“Greater love has no one than this, that one lay down his life for his friends.” John 15:13
Easter is coming up and I was thinking about how much I love the movie, “The Passion of Christ.” I think it does an incredible job of portraying the suffering Christ endured. It can be difficult to watch, but it has a way of speaking to me every time I watch it.
Last year my pastor showed a clip of the movie during his message on Resurrection Sunday. And there was something interesting that stood out to me this time. It was during the scene where Jesus was beaten nearly to death with rods and whips. It’s a very gruesome scene and it is not easy to watch. But this time as I watched I noticed how the movie showed Jesus trying His best to stay standing while He was being beaten. Then finally when He was overcome by the pain He collapsed to the ground. The soldiers at that point thought they had given Him all a man could possibly take so they stopped the beating.
Then we see Jesus looking over at His mother Mary watching with the crowd with tears running down her face. And next we see His hands shaking violently as He fights to regain enough strength to stand back to His feet. It was as if He was inviting the beating to continue, which it did, only worse after that. Now we don’t know if Jesus actually did stand back up during that beating. But I think the movie did a good job of making an important point in that small moment.
Because if that act of standing back up had been anyone else but Jesus, we would have interpreted it as an act of prideful defiance. As if the hero in the story was saying to his enemy, “I’ll show you how tough I am.” But with Jesus we know He was not a prideful rebel and He was not trying to prove His toughness.
No, when the movie shows Him looking at His mother and then some strength comes back to Him. I believe what we see there is Him being reminded His reason why. If it had been for no more than just for one person He was willing to pay the price. His love for mankind was His reason why and that look at His mother was all the reminder He needed.
Then we could wonder, why was it necessary for Him to stand up and take a more severe beating than what He had already taken? Again, there is no proof that it actually did happen that way. But I’m glad the movie showed it that way. Because what I see is His willingness and commitment to pay the full price for our complete redemption. He knew the price that had to paid. He knew He had to pour out every drop of blood, every ounce of strength, all the way until He gave His last breath.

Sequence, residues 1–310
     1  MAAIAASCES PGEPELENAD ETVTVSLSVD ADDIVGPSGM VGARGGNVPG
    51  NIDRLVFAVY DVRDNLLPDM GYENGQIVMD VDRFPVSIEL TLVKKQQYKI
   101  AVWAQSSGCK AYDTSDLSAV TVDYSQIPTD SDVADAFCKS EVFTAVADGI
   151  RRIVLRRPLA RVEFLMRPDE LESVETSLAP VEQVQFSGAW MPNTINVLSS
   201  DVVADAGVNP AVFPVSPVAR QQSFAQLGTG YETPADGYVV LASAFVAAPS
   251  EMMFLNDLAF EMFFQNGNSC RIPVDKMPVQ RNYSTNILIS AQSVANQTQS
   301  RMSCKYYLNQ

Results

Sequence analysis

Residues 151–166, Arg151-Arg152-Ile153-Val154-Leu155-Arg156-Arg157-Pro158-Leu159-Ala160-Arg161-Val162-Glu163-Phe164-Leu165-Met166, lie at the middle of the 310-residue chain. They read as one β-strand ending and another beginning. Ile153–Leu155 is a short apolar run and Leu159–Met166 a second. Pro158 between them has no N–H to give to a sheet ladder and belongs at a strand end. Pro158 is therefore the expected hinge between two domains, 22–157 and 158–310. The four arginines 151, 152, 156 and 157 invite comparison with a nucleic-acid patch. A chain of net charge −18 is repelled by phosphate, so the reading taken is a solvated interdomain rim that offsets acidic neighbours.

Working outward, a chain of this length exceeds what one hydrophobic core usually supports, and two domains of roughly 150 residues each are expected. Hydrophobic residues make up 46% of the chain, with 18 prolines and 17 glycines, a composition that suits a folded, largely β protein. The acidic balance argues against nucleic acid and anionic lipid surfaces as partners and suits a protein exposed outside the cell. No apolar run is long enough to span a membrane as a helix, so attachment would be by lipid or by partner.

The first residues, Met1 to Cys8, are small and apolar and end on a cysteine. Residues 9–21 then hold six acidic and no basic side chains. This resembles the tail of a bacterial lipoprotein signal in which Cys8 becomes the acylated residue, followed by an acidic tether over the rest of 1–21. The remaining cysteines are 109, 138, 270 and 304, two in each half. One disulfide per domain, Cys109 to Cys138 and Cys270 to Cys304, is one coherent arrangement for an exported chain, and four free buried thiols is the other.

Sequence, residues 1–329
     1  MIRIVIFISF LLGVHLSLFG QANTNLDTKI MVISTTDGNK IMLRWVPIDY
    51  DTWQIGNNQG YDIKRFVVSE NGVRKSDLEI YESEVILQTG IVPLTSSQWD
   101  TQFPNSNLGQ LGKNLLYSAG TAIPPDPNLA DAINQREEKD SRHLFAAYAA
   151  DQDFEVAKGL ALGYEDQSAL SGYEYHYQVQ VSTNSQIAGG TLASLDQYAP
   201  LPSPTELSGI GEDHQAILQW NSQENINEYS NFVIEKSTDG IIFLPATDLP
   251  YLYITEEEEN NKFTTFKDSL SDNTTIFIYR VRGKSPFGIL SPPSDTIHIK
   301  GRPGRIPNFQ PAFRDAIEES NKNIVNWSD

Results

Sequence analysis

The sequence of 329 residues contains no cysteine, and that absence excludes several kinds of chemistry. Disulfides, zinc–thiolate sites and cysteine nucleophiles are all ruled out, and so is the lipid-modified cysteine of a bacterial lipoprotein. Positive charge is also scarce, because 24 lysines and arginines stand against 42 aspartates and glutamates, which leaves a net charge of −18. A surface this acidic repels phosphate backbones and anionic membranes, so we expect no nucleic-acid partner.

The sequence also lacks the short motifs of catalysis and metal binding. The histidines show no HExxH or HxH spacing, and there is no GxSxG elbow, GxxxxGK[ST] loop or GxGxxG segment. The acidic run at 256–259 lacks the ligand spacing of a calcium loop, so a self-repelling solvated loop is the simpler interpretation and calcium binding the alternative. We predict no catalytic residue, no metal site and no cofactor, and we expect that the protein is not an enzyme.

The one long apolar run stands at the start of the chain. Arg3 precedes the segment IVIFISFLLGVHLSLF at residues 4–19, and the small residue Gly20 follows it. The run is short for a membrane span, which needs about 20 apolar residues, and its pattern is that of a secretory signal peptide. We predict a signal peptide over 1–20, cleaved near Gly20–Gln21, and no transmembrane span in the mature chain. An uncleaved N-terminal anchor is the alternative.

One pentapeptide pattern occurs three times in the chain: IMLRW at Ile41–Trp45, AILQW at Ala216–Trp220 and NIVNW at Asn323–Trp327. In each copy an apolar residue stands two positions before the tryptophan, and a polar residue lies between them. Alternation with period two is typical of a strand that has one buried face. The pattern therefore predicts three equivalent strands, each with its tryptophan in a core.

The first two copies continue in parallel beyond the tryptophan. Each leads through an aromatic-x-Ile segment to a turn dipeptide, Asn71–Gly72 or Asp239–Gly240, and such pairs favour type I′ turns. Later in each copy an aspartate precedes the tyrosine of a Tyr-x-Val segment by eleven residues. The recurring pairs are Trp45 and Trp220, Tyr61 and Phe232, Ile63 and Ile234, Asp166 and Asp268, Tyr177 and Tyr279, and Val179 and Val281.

My point is this. Jesus was not a victim of His circumstances. He chose to lay down His life and as the movie showed in that scene, He chose to pay the full price. His pain and suffering was so great, we have no idea what that was like for Him. But I believe Jesus would never want us to look at His pain and suffering and have pity on Him. He is to be loved, admired, and praised for what He did. But never pitied.
So there are two things I want us to remember this weekend as we celebrate Good Friday and Easter Sunday.
1) Jesus paid it all. He gave everything at the cross for us. There is nothing we can ever do to take away or add to the price He paid to bring us into His family. We didn’t deserve it. But it was done out of His great love for us. That’s why He is the way, the only way for our salvation. And our salvation is a gift that can never be repaid. The only thing we can do is completely surrender ourselves to Him so that hopefully our lives can be used by Him to bring others into the family.
2) Jesus is our example. We are to follow the Lord’s example in every possible way we can. From living as sinless as we can live. To hearing and obeying the Lord’s leading in our lives. To using our God given faith to meet the challenges we face. And to the laying down our own lives for the good of someone else.
We are not called to be crucified for the sins of the world. But we are called to lay down our lives in the way we deal with each other. We are called to put others needs above our own. We are called to demonstrate a love that is so great that we are willing to suffer the pain and anguish it takes sometimes for someone we love to be pulled out of the pit they have found themselves in.
The crucifixion of Christ is not a sign of weakness that should be pitied. It is a sign of strength. A strength that we could all aspire to if we allow the love of God to have its way in our hearts.